Time Out takes a seat, makes itself comfy, and gets the lowdown on the new eclectic music night winging its way to The Apartment this week.
Like LCD Soundsystem? Soulwax? Klaxons? Hot Chip? Then chances are your Thursday nights have been pretty grim of late. But now The Apartment is hosting ElectRock, a band-new night dedicated to electro-rock, dance, punk and new rave music. And given the mish-mash of influences that fed into these bands – rock, punk, dance, pop and more – it makes sense that Tom Gandey, aka Cagedbaby, should be the man to open the night.
After all, his debut album, 2005’s Will See You Now, was itself a vibrant mix of 80s pop, dance, modern electronica, Röyksopp-style downtempo strangeness and David Bowie-esque vocals – almost as strange a mix of influences as the man himself. ‘As a kid I got into Pink Floyd, then into Trevor Horn and disco artists like Giorgio Moroder,’ Gandey reveals. ‘And I listened to a lot of swing – Harry Connick Jr was my favourite – and bands like the Eurythmics and Queen. I went through rock, too. I loved the Red Hot Chilli Peppers, Pearl Jam and The Black Crowes, and Kurt Cobain was the king of grunge when I was growing up.’
No wonder trying to pigeonhole him results in such a headache. ‘Variety is the spice of life,’ he quips, ‘and my productions vary a lot. I have a style that people know, but I write everything from techno to pop and funk to blue-eyed soul. Genre-busting is good, but inventing your own genre is even better. I’m doing new-wave Bollywood disco at the moment. That’s pretty exciting.
‘I tried writing a bit of commercial music but I would always get bored halfway through and take a left turn into psychedelia. Commercial music is all too manufactured and easy to make. It’s like that joke: what’s the difference between a rock guitarist and a jazz guitarist? A rock guitarist plays three chords in front of thousands of people and a jazz guitarist plays… well, you know.’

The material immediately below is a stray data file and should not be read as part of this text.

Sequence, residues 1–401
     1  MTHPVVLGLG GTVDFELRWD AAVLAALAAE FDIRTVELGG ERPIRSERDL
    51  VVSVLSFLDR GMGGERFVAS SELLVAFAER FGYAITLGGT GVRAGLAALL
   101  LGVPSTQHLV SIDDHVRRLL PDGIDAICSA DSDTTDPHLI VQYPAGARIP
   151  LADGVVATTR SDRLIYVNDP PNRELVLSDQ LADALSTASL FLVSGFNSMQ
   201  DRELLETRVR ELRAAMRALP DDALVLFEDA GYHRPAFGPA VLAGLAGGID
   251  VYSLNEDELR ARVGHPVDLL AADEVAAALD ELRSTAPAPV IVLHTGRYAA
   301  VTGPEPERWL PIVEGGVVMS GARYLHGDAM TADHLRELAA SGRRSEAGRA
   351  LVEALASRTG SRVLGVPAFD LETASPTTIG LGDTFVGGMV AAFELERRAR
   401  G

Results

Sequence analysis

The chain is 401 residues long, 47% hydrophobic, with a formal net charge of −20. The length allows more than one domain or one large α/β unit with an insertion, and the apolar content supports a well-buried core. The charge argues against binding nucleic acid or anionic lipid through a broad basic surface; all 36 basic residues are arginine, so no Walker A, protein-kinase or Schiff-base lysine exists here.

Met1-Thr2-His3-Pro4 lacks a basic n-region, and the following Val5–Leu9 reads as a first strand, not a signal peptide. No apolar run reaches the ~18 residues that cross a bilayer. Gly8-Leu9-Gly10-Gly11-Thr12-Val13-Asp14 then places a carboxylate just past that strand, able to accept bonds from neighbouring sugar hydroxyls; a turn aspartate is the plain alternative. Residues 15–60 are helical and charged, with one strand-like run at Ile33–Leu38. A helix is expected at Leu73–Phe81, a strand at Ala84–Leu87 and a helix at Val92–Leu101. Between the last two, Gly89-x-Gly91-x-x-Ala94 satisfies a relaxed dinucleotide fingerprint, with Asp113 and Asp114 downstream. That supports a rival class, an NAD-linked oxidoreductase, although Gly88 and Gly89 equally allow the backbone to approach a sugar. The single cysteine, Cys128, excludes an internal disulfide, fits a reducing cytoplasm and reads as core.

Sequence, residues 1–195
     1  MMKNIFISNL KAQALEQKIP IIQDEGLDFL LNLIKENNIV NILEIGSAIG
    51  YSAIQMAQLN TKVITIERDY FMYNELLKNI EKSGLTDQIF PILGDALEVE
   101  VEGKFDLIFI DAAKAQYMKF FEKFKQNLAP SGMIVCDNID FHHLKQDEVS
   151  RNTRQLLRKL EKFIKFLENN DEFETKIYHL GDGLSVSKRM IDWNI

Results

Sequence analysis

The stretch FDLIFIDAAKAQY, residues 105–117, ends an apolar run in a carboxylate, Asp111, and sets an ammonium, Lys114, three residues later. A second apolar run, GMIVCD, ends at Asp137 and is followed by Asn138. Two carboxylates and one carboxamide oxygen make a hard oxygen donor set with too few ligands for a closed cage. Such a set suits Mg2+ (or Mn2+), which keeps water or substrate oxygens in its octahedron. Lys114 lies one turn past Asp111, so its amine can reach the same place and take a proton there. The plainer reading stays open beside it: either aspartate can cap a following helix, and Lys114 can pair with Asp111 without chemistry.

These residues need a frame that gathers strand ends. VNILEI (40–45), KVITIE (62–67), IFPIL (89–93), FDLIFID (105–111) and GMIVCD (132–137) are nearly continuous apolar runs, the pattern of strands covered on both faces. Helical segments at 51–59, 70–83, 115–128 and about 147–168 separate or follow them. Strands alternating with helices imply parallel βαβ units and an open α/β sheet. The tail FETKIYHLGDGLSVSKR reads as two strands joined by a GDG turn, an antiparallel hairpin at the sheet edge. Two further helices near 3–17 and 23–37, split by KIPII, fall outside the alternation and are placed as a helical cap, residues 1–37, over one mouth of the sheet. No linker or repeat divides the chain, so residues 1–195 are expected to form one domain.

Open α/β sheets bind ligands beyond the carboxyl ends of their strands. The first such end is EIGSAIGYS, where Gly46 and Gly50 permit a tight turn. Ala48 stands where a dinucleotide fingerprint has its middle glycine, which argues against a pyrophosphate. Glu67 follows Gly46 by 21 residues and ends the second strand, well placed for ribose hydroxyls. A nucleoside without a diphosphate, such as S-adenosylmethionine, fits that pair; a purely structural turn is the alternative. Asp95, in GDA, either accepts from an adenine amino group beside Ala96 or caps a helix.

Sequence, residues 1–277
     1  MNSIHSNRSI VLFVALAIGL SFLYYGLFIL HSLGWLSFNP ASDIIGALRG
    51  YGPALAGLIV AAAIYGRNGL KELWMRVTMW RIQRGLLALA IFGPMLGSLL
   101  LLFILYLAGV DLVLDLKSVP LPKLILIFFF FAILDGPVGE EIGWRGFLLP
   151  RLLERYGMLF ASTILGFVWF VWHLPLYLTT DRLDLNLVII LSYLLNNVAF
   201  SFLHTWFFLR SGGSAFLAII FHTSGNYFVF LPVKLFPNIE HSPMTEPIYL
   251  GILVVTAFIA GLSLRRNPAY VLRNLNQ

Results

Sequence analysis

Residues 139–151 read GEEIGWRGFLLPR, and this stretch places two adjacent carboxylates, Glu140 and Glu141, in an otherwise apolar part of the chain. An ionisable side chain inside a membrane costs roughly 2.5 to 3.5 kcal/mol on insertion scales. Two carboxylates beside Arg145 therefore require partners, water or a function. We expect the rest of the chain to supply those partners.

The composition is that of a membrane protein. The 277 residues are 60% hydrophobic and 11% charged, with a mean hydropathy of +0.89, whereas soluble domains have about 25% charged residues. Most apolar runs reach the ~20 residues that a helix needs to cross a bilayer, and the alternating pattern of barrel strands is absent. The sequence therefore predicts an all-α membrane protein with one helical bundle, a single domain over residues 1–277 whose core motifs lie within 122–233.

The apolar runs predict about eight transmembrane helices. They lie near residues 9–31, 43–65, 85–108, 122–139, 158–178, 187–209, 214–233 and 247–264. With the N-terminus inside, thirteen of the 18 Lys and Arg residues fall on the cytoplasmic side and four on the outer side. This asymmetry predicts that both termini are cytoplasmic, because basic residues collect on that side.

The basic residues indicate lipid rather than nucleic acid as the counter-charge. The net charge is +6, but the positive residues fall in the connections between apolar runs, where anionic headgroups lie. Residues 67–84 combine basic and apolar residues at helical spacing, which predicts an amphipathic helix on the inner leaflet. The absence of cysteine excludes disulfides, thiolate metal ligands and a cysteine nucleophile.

That creativity hasn’t lent itself to prodigious output– it’s been three years since his debut album and his fans are still waiting for the follow-up. So what’s happening there? ‘The new one will be released later this year. The first single is called ‘Forced’ and is out in October when we have the whole package ready to go. I’ve been honing the sound since my first release, and the new album uses everything I’ve gathered over the past three years. I’m now a lot more practical and direct, and I’ve learned to use the live element to increase the funk.’
Over that time, Gandey has also been busy creating some 50 mixes for artists as diverse as Armand Van Helden, The Presets, Sugababes and, er, Will Young, alongside touring with The Chemical Brothers and Fatboy Slim. ‘Touring Japan with Fatboy Slim was special for me,’ notes Gandey. We went all over the country, eating in the best restaurants, exploring the temples and really experiencing Japan. I remember wearing a kimono while DJing at the Tokyo Autodome to 80,000 screaming Fatboy fanatics.’
But it wasn’t all sushi and swanning about in kimonos. ‘Out there I learned that the DJ is an entertainer. Wave your hands in the air like you just don’t care. Put the party into the set, and the lovely people will respond, it’s funny how people watch the DJ. It’s not like the DJs are singing or performing in the traditional way, but people want the DJ to be into the groove so that they can get into the groove.
‘I’ve played over 200 sets in the last three years,’ Gandey continues, ‘and I’m starting to get the hang of it now. Preparation is key. You have to know what kind of tracks work well with others, and knowing your track’s arrangements is paramount so you can blend the music without losing the ambience. I edit and remix all the tracks that I play to stamp my name on them. I also play a few of my own tracks, but you’ve got to play to the crowd sometimes to get them on your side. Then they will accept what you play and trust your professional judgement.’
All of which leaves just one question: what is with the name Cagedbaby? ‘Ah, the million dollar question! It was my call sign on the radio when I worked for a yacht charter company and it kind of stuck. It sounds quite edgy, but it was meant to be a bit of fun. Unlike angry, rabid babies in cages, roaring to get out, which is the picture it normally paints. Also, it was always going to be next to The Chemical Brothers in the music store racks.’